Okay, so I always recommend that if you feel like this isn’t something you can tackle on your own, you’re just like, oh my gosh, I didn’t know this was it was a thing, and like, go talk to somebody who can help you. Now, if you are intentionally under fueling, especially if you’re really worried about potentially something like a weight class sport, or you felt pressure in order to stay small, or whatever that happens to be and you’re intentionally under eating, especially if we’re talking about disordered eating, and eating disorders, it’s really important that you work with a professional for treatment, someone who is skilled and trained to help athletes.
And more than likely that’s going to require a team, a team effort, or a team approach. To help you start to replenish the nutrients that you need to really prioritize or treat any health problems that have popped up as a result of this, and to get you moving back toward a plan to get back to your sport. So I just wanted to throw that out there too. There is no shame in realizing that you need help. And I will go ahead and toss out. The website for any da or NIDA, which is the National Eating Disorders Association, is National Eating disorders.org. They have a screening tool and a helpline on their website if it’s time for you to take next steps.
Thanks so much for being with me today. We covered a lot of ground on this podcast, we talked about what is RED-S. And where did it get its origins, where the hell did it come from? We also talked about how we really define what is low energy availability or energy availability in general, and how the amount of energy that you take in can potentially lead to a state of RED-S. We also talked about possible impacts on training and performance, as well as physiological impacts on health and well-being. And then we talked about what to do if you suspect that you are in a state of low energy availability, or you just need guidance with how to properly fuel yourself for your performance, but overall, for your well-being. I really appreciate that you’re here.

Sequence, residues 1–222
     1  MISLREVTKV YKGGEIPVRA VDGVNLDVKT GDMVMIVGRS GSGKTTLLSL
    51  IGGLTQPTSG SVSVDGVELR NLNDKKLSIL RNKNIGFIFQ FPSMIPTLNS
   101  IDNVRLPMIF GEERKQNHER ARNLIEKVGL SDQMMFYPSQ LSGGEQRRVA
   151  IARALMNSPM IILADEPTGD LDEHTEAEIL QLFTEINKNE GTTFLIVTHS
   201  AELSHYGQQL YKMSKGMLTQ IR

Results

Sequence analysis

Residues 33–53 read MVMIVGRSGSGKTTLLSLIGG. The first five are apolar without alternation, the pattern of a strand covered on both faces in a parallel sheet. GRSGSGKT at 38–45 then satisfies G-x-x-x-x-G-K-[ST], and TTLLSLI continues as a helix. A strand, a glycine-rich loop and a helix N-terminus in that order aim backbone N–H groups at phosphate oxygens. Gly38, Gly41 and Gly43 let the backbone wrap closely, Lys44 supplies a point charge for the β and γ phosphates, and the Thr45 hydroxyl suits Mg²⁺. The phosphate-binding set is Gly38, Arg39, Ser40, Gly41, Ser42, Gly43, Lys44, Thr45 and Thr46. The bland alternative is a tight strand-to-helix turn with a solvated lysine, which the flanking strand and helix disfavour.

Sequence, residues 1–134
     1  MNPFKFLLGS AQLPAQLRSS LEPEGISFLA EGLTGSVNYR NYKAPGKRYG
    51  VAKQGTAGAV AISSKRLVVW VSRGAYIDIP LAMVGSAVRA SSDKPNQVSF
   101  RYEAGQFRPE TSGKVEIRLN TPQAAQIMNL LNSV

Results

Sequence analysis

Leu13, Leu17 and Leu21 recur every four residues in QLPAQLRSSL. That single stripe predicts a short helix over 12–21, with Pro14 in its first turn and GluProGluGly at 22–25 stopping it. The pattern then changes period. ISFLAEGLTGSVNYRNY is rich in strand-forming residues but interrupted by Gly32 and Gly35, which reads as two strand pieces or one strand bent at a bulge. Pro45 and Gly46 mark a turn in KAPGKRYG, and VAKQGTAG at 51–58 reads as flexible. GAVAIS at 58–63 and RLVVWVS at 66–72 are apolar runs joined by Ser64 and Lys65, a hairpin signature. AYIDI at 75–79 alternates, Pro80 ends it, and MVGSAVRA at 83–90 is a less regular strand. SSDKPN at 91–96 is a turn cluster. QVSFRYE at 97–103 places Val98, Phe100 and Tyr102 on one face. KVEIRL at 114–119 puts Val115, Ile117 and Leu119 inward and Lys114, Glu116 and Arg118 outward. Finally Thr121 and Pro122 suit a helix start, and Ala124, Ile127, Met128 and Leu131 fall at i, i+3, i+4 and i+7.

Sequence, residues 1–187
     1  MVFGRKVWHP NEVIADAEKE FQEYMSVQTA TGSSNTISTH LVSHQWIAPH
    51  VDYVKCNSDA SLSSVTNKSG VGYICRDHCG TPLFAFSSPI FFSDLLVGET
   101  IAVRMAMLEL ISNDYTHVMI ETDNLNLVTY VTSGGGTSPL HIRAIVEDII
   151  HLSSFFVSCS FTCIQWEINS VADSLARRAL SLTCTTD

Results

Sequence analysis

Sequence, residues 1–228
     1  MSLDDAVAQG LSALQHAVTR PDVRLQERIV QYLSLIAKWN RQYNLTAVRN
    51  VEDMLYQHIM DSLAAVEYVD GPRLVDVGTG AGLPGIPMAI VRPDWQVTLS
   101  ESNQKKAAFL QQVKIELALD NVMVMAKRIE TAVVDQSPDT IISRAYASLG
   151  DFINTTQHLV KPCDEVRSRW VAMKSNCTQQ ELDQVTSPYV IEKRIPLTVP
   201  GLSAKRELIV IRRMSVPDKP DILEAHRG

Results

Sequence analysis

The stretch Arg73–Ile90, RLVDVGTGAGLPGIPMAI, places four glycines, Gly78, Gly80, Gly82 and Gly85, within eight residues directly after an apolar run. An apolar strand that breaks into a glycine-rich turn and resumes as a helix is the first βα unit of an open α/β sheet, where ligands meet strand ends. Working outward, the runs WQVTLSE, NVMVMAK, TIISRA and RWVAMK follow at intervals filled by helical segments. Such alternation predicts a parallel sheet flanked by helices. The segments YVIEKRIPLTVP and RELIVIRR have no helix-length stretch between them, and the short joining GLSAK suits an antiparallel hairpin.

Thanks so much for being with me on the show today. Please hit Subscribe on your podcast app. And if this podcast episode helps you out, please share it. You can tell a friend or a loved one or a training partner or your coach or you could share it on Instagram stories and tag me at Steph Gaudreau I would really love to hear what you have to say about this podcast and how it has impacted you. You can get the episode show notes over on StephGaudreau.com And of course, if you’re ready to work with me on this yourself, then you can go ahead and find out more at StephGaudreau.com/apply Thank you so much for being with me today on this really important episode. And until next time, stay strong.
Oh my gosh, why weren’t you in my life 7 years ago! I am 47 woman who hasn’t had a period in 7 years and have osteoporosis and osteopenia. I feel like I am constantly eating and don’t workout a ton but have very low energy. Thank you for the information!
Hi Heather! I’m sorry to hear things haven’t been going well. Do you have a support team helping you? You’re very welcome.